Common Sense Wins The Day!

John A. Quayle blueoval57 at VERIZON.NET
Wed Feb 18 22:28:58 MST 2009


[There were two outrageous decisions on punitive damages, but on the whole, 
this was a real victory! - JAQ]

Source:
Houston Chronicle
<http://www.chron.com/>http://www.chron.com/

Jury: Rancher didn't violate illegal immigrants' rights
<http://tinyurl.com/caxkfj>http://tinyurl.com/caxkfj

By ARTHUR H. ROTSTEIN
Staff writer
The Associated Press
February 18, 2009

TUCSON, Ariz. - A federal jury found Tuesday that a southern Arizona 
rancher didn't violate the civil rights of a group of illegal immigrants
who said he detained them at gunpoint in 2004.

The eight-member civil jury also found Roger Barnett wasn't liable on 
claims of battery and false imprisonment.

But the jury did find him liable on four claims of assault and four claims 
of infliction of emotional distress and ordered Barnett to pay
$77,804 in damages - $60,000 of which were punitive.

Barnett declined to comment afterward, but one of his attorneys, David 
Hardy, said the plaintiffs lost on the bulk of their claims and that
Barnett has a good basis for appeal on the two counts on which he lost.

"They won a fraction of the damages they were seeking," Hardy said.

All six plaintiffs are citizens of Mexico, five of whom are living in the 
United States with visa applications pending, and the sixth resides
in Mexico but was allowed into the U.S. for the trial, said Nina Perales, 
an attorney with the Mexican American Legal Defense and Educational Fund. 
She declined to say where in the U.S. they're residing.

Perales called the outcome "a resounding victory that sends a message that 
vigilante violence against immigrants will not be tolerated."

David Urias, attorney for the plaintiffs, said, "Obviously we are 
disappointed with some aspects of the verdict. But I think that overall 
this was a victory for the plaintiffs."

For years, Arizona has been the busiest point along the Mexican border for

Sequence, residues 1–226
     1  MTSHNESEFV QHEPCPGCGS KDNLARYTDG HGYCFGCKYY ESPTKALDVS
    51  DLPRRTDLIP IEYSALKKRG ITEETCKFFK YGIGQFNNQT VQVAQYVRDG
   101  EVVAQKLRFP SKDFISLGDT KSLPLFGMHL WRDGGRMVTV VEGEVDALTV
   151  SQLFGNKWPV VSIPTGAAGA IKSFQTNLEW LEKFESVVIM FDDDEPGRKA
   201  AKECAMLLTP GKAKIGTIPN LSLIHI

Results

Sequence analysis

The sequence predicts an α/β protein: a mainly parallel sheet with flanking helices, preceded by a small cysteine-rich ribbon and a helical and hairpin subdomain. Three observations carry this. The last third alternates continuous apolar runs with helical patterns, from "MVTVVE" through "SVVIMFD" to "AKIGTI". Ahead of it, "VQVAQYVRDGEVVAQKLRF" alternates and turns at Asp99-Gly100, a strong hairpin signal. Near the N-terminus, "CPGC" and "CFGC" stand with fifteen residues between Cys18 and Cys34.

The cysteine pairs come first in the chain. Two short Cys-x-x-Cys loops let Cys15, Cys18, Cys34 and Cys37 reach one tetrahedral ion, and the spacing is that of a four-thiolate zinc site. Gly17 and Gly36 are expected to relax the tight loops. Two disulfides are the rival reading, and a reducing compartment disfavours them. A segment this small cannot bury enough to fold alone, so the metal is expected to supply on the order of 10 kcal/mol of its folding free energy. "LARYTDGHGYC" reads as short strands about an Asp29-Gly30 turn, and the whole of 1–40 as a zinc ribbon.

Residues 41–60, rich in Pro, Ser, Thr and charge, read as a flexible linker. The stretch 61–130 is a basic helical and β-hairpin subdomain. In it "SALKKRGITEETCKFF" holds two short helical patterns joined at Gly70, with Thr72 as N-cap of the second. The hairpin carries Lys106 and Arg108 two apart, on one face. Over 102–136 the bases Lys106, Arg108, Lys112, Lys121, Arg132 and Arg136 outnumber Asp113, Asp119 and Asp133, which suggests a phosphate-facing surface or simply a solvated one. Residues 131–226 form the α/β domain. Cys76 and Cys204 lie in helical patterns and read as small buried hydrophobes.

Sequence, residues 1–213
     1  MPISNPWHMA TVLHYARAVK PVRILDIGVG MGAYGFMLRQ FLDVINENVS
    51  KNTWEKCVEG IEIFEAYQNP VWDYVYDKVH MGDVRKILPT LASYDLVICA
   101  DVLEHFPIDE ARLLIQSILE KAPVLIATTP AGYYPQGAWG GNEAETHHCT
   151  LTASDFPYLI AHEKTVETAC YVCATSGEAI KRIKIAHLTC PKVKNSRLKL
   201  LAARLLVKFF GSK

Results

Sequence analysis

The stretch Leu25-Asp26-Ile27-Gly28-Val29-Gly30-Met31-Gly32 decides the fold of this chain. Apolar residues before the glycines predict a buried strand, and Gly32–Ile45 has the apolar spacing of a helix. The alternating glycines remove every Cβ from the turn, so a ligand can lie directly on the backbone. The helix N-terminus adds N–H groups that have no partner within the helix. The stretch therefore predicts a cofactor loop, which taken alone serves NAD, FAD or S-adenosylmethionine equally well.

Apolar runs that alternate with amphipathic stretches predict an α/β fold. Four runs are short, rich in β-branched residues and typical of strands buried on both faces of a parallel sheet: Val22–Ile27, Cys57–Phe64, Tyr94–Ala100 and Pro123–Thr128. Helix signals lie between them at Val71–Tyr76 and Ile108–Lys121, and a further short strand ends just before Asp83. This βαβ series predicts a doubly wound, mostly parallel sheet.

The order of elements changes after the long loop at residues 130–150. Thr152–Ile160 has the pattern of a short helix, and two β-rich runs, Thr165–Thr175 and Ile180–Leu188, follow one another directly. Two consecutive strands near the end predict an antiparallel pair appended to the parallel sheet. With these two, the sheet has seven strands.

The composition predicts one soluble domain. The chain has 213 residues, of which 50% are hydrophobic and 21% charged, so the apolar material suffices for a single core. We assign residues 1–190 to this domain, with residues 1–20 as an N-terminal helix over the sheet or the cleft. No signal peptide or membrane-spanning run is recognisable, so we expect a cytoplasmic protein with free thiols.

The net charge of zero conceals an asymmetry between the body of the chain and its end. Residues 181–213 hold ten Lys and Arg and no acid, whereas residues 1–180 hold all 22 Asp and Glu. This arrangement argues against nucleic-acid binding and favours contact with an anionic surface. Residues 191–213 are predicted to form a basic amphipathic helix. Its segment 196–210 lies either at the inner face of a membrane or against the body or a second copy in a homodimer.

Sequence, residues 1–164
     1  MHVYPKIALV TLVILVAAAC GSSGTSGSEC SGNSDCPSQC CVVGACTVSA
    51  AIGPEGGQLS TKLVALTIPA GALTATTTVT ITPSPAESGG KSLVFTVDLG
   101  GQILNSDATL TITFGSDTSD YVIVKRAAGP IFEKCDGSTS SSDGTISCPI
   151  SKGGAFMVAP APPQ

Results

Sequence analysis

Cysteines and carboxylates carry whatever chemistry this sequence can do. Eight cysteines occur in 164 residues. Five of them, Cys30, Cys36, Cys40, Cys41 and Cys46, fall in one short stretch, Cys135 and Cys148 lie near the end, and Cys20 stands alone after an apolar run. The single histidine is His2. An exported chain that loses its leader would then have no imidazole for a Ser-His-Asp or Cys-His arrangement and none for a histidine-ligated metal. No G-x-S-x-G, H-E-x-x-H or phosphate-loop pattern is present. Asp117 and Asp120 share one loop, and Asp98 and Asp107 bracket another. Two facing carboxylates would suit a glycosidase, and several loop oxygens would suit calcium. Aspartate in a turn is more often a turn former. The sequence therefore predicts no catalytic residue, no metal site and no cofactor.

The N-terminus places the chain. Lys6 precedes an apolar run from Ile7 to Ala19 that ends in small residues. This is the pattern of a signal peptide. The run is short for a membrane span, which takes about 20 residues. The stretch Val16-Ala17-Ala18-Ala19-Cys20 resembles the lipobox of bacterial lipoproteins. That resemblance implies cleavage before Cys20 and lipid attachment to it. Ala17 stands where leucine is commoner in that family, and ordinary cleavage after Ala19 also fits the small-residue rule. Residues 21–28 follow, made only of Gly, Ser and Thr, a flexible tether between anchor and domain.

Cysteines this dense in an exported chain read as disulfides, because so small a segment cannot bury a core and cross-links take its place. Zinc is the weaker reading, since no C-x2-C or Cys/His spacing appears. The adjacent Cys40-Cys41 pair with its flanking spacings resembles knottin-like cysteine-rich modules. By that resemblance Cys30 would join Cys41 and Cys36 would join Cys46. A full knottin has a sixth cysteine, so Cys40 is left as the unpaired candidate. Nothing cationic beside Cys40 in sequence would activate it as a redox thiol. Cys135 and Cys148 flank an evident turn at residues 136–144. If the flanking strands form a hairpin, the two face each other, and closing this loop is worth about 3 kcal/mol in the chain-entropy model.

illegal immigrants entering the United States.

For more than a decade, Barnett has been a controversial figure in southern 
Arizona. He's known for aggressively patrolling his ranch property and 
along highways and roads in the area, often with his wife and brothers, on 
the lookout for illegal immigrants.

The plaintiffs alleged that Barnett threatened them with his dog and told 
them he would shoot anyone who tried to escape.

Barnett's lawyers argued that his land was inundated with illegal 
immigrants who left trash on his property, damaged his water supply and
harmed his cattle.

Barnett's wife and a brother were dismissed as defendants; in addition, 10 
more people initially named as plaintiffs were dropped from the
proceedings.

Barnett has been known to wear a holstered 9-mm pistol on his hip and upon 
coming across groups of migrants, to flash a blue and gold badge
resembling that of the highway patrol, with the wording "Barnett Ranch 
Patrol. Cochise County. State of Arizona."

The Barnetts detain and turn over those whom they encounter to the U.S. 
Border Patrol. In 2006, Barnett estimated that he had detained more than
10,000 illegal immigrants in 10 years.

His actions have resulted in formal complaints from the Mexican government 
against what it considers vigilante actions, and in several other lawsuits, 
including one stemming from an October 2004 incident.

In that case, a jury awarded a family of Mexican-Americans on a hunting 
trip $100,000 in damages, later upheld by the Arizona Supreme Court.

Barnett's 22,000-acre ranch, about five miles north of the Mexican border, 
includes private and federal lease holdings in addition to
nearly 14,000 acres of state-leased land.

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